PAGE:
For D.C. locals especially: Take note of the Marco Bellocchio film series the Italian Cultural Institute is currently running with the National Gallery of Art. I had little idea of what to expect from Fists in Pockets (Pugni in Tasche), the opening film. I’d read that Bellocchio was highly regarded in Italy, a peer of Bertolucci and Pasolini and, like them, a member of the wave of filmmakers that immediately followed the neo-Realists. Fists in Pockets was his first feature film, he was only 26 in 1965 when he made it, and it’s remarkable. What begins as a pitiless rendering of an Italian bourgeois family, a tour de force in itself, is suddenly transformed, at more or less the sixtieth minute, into a tale of mythic proportion.
The film’s action revolves around Alessandro, the second son of landowners in Emilia-Romagna. He’s a lost soul, with no real job or occupation. (He’s played by Lou Castel, a Swedish actor. I would have never guessed he was Swedish if the audience hadn’t been told so by the presenters; in the family lineup he looked not at all out of place and easily passed as Northern Italian.) Though we never learn much about the farm or landholding or any of its workers, we see that Papa is deceased and eldest son Augusto shoulders the burden of the family finances and they are NOT GOOD. Most of the action takes place within the villa itself and its immediate surroundings. The villa is a hodgepodge of dark rooms crammed with ancestor portraits and heirlooms, and connected by shadowy hallways that end at closed doors. Adding to the ambient creepiness, the camera often peers through the frosted glass of these closed doors (indeed one even has supporting tape across its broken glass) as family members spy on one another. The claustrophobia is intense.
Alessandro suffers from a pent-up rage—hence the title—that drives the action. He can’t bear living with his family, and in that house, but has nowhere else to go. Other than his sporadic tutoring of a farm worker’s son and the feeding of the family’s rabbits he has no work and hasn’t a clue as to what kind of work he might eventually do. He’s attracted to his sister Giulia (maybe more than attracted, that’s not altogether clear), who in her turn shows signs of imbalance. She also has no idea of what to do with her life. Elder brother Augusto would like to marry his fiancée Lucia and move with her to an apartment in town but there’s not enough money for that. And not enough to place their blind mother in a nursing home, where she might get better care. Indeed! he exclaims—They don’t even have health insurance! Then too there’s the fourth and youngest child, intellectually disabled Leone, who must be continually monitored. And did I mention that both Alessandro and Leone suffer frequent epileptic attacks? This family’s fun.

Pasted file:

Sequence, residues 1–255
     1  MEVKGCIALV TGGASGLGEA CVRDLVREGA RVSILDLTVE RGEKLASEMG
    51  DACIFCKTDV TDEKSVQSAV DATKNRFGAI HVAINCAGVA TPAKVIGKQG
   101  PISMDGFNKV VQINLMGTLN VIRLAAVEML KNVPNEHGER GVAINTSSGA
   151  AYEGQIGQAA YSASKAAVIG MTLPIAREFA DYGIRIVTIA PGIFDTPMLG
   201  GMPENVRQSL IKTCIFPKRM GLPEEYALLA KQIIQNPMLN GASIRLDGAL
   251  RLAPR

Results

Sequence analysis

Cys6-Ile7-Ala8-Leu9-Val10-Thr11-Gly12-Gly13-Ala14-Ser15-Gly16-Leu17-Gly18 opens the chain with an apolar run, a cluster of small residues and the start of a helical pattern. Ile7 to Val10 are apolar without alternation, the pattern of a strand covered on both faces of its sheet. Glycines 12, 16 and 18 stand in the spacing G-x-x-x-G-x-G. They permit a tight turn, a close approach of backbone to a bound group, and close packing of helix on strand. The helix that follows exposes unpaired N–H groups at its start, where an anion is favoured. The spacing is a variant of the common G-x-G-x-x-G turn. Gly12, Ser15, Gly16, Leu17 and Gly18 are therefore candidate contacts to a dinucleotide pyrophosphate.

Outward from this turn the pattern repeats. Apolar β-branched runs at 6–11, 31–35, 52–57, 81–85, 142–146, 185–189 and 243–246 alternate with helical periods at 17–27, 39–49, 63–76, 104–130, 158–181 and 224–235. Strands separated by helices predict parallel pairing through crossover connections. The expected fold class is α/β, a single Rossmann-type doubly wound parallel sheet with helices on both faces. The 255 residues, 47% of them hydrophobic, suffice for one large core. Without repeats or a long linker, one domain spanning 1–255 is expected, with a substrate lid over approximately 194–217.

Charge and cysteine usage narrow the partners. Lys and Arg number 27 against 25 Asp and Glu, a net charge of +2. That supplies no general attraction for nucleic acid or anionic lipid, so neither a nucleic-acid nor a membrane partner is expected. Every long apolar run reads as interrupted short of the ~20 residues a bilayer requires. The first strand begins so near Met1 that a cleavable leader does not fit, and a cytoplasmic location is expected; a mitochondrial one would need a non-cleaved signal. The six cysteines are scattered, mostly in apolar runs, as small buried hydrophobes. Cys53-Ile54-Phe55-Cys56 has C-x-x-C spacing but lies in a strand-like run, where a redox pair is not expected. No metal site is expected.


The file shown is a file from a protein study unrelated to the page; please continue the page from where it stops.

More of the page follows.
Alessandro loves elder brother Augusto and wants to do right by him. He’d like Augusto to marry Lucia and live in freedom and the only way such a thing could happen would be for the rest of them to . . . uh . . . disappear. And so he takes matters into his own hands. Starting with their mother. (Because I don’t want to spoil the big sorpresa for anyone who might eventually see this film I won’t say what he does.) Anyway, that‘s just the beginning. We get to watch crazed Alessandro pull down the house and everything in it—pictures, carpets, furniture—and set a fire to it all in the courtyard, with Giulia at his side, laughing all the way, as Director Bellocchio trashes the tired pieties of bourgeois Italian life, beginning with Mamma and moving to Church and State. What happens at the end you can see for yourself. The Criterion Collection offers a DVD.
Should you harbor any doubts as to whether you actually want to find the DVD, you can consider this film a great introduction to the student rebellions of the late 1960s. For someone like myself, who’s thought a lot about the blessings and burdens of the nuclear family, Fists in Pockets was—especially at the ending where Lou Castel, in advance of an epileptic fit, sings and dances to the ravishing strains of La Traviata—cathartic. Bravo Bellocchio! I can’t wait to see more.
For a schedule of upcoming Bellocchio films: http://www.nga.gov/content/ngaweb/calendar/film-programs/bellocchio.html?pageNumber=1